Rossland downtown to grow more statuesque

A taste of Sculpturewalk—made popular in the city of Castlegar over the last few years—will be coming to Rossland next year.

A taste of Sculpturewalk—made popular in the city of Castlegar over the last few years—will be coming to Rossland next year.

Approval has been given for space to be assigned for the installation of a rotating sculpture in downtown Rossland as part of regional sculpture walk.

There will be a new sculpture space created outside the old Pro Hardware, with the Rossland Council for Arts and Culture (RCAC) raising the money for the cost.

The city will donate in-kind work to get the base set up, to a maximum of $1,000 for site preparation.

“I think it’s a great idea,” said councilor Kathy Moore.

RCAC would raise the funds needed for the annual lease and installation. An annual lease for a sculpture from Castlegar Sculpturewalk ranges from between $1,500 to $2,300.

“Our understanding is that the cost of the lease includes transportation of the sculpture to the new site and assistance with installation,” said RCAC president Renate Fleming in a letter to council.

There has been a regional arts discussion to coordinate a West Kootenay sculpture walk for some time. The regional initiative would build on the success of Castlegar’s Sculpturewalk and rotate Sculpturewalk sculptures through various communities in the West Kootenay.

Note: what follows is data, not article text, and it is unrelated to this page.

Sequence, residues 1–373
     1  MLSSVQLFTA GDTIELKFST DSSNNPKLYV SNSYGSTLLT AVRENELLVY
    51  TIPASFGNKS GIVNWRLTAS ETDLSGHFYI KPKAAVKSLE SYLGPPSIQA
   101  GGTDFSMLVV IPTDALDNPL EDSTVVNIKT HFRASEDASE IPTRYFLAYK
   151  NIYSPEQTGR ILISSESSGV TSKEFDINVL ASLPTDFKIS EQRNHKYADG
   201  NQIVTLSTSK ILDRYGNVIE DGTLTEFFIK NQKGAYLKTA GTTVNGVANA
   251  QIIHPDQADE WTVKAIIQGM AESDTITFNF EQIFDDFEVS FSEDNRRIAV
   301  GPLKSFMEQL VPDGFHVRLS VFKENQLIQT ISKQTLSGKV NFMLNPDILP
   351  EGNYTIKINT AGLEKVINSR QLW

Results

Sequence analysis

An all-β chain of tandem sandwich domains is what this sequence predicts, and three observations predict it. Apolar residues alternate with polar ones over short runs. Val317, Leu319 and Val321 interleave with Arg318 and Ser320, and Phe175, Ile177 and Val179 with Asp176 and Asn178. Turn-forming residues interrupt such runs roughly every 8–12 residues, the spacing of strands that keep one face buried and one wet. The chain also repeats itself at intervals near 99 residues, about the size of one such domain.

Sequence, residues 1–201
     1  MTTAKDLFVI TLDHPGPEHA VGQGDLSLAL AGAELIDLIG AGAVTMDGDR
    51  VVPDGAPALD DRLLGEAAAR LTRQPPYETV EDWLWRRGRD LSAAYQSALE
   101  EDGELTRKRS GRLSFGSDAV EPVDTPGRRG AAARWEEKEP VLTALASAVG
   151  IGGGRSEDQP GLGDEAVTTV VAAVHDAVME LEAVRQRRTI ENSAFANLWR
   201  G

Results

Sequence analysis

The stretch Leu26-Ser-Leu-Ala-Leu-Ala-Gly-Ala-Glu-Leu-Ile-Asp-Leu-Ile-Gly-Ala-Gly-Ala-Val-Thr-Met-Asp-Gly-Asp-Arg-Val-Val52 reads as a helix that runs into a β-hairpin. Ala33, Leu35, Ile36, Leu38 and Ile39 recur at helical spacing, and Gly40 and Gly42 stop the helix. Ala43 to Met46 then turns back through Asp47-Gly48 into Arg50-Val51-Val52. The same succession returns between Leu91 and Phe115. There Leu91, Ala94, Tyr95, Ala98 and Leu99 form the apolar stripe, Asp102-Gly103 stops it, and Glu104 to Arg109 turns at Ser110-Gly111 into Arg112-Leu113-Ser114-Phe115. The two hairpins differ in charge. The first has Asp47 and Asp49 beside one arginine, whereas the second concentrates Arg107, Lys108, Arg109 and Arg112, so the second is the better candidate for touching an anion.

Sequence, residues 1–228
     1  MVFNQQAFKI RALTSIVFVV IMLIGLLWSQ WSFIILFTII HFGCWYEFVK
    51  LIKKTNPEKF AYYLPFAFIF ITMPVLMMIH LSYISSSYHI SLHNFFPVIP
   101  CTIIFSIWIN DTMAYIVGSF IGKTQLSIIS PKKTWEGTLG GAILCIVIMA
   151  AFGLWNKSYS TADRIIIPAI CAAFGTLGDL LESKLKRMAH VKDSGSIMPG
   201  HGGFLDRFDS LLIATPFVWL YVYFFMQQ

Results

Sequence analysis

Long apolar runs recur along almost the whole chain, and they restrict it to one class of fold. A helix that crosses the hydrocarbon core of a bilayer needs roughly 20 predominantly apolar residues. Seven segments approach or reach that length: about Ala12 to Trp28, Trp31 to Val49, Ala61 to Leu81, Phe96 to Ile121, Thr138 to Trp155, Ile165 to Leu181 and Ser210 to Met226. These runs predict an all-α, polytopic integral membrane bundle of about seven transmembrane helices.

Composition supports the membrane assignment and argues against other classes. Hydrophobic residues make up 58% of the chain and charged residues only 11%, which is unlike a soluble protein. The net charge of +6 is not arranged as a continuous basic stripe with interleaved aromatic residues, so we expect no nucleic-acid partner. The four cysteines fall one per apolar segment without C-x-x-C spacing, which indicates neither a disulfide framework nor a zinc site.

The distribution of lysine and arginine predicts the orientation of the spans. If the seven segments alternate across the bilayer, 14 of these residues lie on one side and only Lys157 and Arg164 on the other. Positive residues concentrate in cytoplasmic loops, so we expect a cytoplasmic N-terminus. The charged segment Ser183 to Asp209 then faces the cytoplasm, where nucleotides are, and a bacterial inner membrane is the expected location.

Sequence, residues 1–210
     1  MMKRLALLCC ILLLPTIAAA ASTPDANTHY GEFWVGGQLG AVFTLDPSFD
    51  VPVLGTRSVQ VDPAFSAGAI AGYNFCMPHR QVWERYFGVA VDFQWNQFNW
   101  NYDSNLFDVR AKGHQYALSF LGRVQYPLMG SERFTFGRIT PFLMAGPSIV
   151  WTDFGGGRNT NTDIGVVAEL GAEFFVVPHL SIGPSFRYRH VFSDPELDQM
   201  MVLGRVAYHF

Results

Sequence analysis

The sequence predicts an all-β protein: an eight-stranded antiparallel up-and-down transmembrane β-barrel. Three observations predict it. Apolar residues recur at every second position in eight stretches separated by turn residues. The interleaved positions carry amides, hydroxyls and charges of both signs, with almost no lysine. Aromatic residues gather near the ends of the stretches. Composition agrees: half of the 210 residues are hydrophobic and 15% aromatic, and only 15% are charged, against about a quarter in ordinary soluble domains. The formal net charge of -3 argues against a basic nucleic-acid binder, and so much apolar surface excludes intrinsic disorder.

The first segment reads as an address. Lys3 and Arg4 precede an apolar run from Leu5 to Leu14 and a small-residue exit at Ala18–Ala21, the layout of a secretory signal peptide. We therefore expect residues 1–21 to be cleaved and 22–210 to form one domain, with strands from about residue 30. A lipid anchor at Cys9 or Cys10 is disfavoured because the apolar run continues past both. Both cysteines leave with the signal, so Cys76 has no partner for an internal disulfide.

“It is hoped that this initiative could serve as the foundation for a regional cultural tourism plan,” said Fleming.

RCAC had been talking to Joy Barrett, coordinator of Castlegar’s Sculpturewalk, regarding Rossland’s participation in the initiative.

The concept is that the Castlegar Sculpturewalk will lease its sculptures to different communities in the region on an annual basis and would provide marketing and promotion of the regional Sculpturewalk.

The first sculpture would be placed in April 2014 and would remain in place for one year. RCAC will return to council in early 2014 for approval of the selected sculpture.

Fleming said the initiative was a unique opportunity to participate in a regional arts initiative that would increase Rossland’s profile as an arts and culture community and benefit the business community by attracting summers tourists.

Fleming said the request for a rotating sculpture was timely as it will also tie in with the city’s approval of the permanent sculpture, Bears Playing, to be installed in 2014, and the newly erected Olaus Jeldness statue.

Rossland also is host to another public art piece, The Storytellers, in front of the library; an RCAC project from 2008.

The communities of Nelson, Kaslo and possibly Trail will also be participating in the regional sculpture walk.

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